The Fifth District consisted of Herkimer, Lewis, Madison and Oswego counties. The Sixth District consisted of Broome, Cortland, Steuben and Tompkins counties; the Seventh District consisted of Cayuga, Ontario, Seneca and Yates counties. The Eighth District consisted of Allegany, Chautauqua, Genesee, Monroe and Orleans counties; the asterisk denotes members of the previous Legislature who continued in office as members of this Legislature. Benjamin Woodward changed from the Assembly to the Senate. Clerk: John F. Bacon The asterisk denotes members of the previous Legislature who continued as members of this Legislature. Clerk: Edward Livingston Sergeant-at-Arms: John C. Ellis Doorkeeper: William Seely Assistant Doorkeeper: James D. Scollard The New York Civil List compiled by Franklin Benjamin Hough The History of Political Parties in the State of New-York, from the Ratification of the Federal Constitution to 1840 by Jabez D. Hammond
Cyclone Xynthia was an extraordinarily violent European windstorm which crossed Western Europe between 27 February and 1 March 2010. It reached a minimum pressure of 967 mb on 27 February. In France—where it was described by the civil defence as the most violent since Lothar and Martin in December 1999—at least 51 people were killed, with 12 more said to be missing. A further six people were killed in Germany, three in Spain, one in Portugal, one in Belgium and another one in England. Most of the deaths in France occurred when a powerful storm surge topped by battering waves up to 7.5 m high, hitting at high tide, smashed through the sea wall off the coastal town of L'Aiguillon-sur-Mer. A mobile home park built close to the sea wall was hard-hit; the sea wall was about two hundred years old. The storm cut power to over a million homes in France and a million customers in Portugal lost power. One million homes were left without power in western France. In the Hautes-Pyrénées, falling trees damaged vehicles, the roofs of houses and barns were blown away, rocks were falling onto the road.
In the département of Vendée, cities like La Faute-sur-Mer, L'Aiguillon-sur-Mer, La Tranche-sur-Mer were flooded with water levels reaching up to 1.5 metres. Flooding affected parts of the Charente-Maritime département where high speed wind were registered. Flooded railway tracks led to railway delays in France and the rail services in northern Spain were severely affected. 70 flights from Paris-Charles de Gaulle Airport were cancelled by Air France. The storm caused damage in Portugal and Spain; the strongest wind gust recorded in Portugal was 166 km/h while in Spain a gust of 228 km/h was recorded. In France a 241 km/h wind gust was recorded at the Pic du Midi; the storm may have been exacerbated by the spread of volcanic ash from the Soufrière Hills volcano. A cloud of ash from the volcano was dragged over the United Kingdom, forming a visible haze to the north-west of Xynthia on visible satellite imagery. On March 11, 2010, catastrophe risk modeling firm EQECAT estimated wind losses for affected countries excluding Portugal and Spain as follows: Mean damage: €1.3 billion.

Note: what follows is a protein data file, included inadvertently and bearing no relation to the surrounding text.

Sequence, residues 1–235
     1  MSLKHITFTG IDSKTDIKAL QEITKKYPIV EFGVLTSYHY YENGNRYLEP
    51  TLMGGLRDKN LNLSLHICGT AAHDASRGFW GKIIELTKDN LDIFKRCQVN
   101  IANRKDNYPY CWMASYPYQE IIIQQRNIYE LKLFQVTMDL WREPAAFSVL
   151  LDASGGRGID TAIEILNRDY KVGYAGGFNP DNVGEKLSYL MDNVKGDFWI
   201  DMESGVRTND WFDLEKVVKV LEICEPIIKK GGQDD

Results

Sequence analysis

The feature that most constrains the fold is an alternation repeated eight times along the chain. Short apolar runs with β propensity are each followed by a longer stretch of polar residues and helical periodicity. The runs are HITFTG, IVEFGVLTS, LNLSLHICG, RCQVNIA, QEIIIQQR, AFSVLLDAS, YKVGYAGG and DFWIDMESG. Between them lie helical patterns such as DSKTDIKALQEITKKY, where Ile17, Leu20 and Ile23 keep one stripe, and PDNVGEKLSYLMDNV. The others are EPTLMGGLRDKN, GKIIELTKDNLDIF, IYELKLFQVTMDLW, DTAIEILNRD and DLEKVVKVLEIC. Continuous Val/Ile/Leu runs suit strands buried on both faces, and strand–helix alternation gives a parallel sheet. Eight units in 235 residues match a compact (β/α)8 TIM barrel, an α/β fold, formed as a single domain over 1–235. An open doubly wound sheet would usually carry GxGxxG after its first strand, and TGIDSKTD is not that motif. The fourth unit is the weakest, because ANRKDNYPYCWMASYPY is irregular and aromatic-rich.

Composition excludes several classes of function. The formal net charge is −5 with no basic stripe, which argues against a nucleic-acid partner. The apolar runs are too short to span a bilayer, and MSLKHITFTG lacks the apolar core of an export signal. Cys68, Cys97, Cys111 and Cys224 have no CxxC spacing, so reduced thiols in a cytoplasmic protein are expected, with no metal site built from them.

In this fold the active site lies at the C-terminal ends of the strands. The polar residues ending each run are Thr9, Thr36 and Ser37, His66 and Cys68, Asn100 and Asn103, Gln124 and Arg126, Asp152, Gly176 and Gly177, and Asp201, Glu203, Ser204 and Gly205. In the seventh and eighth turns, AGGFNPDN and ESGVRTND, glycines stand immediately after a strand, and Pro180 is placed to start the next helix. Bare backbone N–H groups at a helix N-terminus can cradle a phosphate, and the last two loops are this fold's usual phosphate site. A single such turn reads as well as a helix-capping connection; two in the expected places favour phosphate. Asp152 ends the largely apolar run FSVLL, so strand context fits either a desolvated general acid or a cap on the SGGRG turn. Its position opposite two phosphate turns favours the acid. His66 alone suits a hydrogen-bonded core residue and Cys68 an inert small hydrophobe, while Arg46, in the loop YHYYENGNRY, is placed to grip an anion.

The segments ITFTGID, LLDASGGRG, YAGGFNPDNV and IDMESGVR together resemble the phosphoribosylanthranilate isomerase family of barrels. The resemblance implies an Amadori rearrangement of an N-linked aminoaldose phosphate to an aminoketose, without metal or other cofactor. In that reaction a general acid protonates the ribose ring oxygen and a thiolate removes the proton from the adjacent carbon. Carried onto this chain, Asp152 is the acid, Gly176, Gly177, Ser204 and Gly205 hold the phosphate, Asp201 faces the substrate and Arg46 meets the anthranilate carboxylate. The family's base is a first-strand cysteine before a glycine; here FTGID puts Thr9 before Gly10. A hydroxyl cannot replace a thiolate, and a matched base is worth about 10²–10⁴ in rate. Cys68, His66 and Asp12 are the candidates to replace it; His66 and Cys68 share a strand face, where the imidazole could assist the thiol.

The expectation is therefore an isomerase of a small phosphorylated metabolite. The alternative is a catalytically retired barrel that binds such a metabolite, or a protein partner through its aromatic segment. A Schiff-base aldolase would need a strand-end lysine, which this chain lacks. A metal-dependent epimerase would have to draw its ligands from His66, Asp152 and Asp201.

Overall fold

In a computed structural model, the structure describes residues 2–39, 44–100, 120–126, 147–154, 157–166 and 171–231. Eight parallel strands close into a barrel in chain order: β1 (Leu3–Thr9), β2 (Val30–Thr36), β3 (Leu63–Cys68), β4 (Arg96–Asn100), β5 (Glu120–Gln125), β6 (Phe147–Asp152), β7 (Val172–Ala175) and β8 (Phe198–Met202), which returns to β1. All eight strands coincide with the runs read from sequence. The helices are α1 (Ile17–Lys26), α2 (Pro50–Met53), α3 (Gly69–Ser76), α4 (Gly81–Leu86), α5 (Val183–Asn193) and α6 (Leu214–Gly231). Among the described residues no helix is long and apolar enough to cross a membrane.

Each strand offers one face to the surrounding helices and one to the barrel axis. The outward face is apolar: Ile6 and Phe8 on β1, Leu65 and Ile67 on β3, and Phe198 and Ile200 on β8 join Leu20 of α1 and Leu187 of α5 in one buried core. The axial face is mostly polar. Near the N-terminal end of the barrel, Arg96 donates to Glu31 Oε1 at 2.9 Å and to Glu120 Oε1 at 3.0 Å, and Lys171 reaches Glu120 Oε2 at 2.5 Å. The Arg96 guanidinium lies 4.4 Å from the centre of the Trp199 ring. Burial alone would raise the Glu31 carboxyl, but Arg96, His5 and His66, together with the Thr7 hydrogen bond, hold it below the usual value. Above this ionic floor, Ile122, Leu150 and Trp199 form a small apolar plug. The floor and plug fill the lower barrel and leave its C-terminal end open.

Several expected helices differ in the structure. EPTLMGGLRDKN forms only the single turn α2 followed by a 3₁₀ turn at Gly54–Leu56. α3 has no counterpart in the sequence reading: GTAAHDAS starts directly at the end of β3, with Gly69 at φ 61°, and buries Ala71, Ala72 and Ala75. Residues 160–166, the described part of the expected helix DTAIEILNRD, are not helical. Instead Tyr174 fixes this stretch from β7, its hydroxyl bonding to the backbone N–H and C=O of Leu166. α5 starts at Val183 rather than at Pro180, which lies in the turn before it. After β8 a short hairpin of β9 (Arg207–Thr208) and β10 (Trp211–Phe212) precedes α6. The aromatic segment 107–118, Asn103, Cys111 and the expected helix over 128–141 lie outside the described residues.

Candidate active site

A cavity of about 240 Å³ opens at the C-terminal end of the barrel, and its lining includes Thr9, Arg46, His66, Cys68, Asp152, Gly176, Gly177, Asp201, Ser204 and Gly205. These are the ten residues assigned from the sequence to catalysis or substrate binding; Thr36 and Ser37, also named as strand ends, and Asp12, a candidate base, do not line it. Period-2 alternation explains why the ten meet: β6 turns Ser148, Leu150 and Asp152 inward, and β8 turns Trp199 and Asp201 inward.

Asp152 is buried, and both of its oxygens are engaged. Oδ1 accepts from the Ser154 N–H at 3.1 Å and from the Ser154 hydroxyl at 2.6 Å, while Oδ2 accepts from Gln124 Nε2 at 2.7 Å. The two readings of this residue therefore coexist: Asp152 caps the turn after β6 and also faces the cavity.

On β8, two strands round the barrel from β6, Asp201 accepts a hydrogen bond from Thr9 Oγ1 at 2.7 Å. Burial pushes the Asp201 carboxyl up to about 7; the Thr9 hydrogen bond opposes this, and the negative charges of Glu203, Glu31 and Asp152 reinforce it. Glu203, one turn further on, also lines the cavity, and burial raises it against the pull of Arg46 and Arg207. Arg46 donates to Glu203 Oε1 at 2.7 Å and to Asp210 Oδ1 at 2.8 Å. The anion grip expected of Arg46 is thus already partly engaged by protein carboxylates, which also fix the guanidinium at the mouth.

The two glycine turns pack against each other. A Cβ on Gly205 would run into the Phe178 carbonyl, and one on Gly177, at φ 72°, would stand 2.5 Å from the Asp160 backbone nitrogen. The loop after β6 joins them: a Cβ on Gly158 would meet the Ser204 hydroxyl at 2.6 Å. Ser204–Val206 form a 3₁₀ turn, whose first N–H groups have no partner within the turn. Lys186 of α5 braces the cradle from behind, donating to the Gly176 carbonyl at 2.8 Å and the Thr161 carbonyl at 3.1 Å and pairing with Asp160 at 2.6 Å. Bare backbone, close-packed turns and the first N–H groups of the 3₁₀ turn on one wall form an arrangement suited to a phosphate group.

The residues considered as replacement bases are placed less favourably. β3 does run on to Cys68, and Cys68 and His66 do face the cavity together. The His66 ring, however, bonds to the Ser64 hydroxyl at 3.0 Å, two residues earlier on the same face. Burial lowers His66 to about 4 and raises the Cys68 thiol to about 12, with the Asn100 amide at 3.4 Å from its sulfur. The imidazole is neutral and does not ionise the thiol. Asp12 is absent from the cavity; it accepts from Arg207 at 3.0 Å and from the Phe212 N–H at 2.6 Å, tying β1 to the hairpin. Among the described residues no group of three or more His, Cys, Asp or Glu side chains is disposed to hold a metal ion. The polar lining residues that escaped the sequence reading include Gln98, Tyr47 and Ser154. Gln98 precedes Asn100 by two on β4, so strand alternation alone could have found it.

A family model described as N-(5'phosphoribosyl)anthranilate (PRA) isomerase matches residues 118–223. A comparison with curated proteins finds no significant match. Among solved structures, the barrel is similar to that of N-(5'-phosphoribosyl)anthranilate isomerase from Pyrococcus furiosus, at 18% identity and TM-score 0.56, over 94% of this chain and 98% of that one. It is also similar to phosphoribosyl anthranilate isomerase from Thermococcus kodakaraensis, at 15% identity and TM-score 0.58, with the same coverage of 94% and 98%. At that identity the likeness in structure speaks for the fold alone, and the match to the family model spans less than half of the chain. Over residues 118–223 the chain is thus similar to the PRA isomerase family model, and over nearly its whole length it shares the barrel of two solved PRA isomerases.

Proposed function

One year after the event, the insurance industry loss aggregator PERILS AG published its final loss estimate for Xynthia of €1.32bn, excluding the French indemnified losses. Météo-France issued its second highest warning for 27 February and early 28 February for Andorra, Ariège, Finistère, Haute-Garonne, Gironde, Isère, Haute-Loire and Hautes-Pyrénées, it issued its highest warning level for Vendée, Deux-Sèvres and Vienne. Helicopters were sent to rescue people on their roofs following flooding in Charente-Maritime and Vendée, France. An emergency meeting was held on 28 February by French Prime Minister François Fillon following the effects in France; the Portuguese Institute of Meteorology issued red warnings for the northern parts of the country for winds up to 150 km/h, the rest of the country being with orange warnings for wind gusts up to 120 km/h. The French Government declared the 2010 floods a “catastrophe”. A historical study of coastal surges in France conducted after the storm indicated that there had been no previous coastal surge in France with such a high death toll.
In response to the coastal flooding brought by Xynthia, the French Government announced on 8 April 2010 that it had decided to destroy 1,510 houses in the affected areas of which 823 were in the Vendée and 595 were in Charente-Maritime. The government promised to compensate all home-owners, based on the value of the real estate prior to the storm, with the ministry of finance stating that they would pay €250,000 per house. In Vendée of the 823 homes designated by the French state to be destroyed, nearly 700 homeowners accepted the compensation terms by the state with demolition taking place in March 2011. In 2011 there remained 79 people who decided to fight the destruction of their homes via the legal system; the French Government produced a document called Rapid inundation plan: coastal floods, flash floods and dike failures -“Plan submersions rapides: submersions marines, crues soudaines et ruptures de digues” in February 2011. This plan details the policy response brought about not only as a result of Xynthia in February 2010, but severe June 2010 flash flooding in the Var Department in southern France that led to the deaths of 25 people.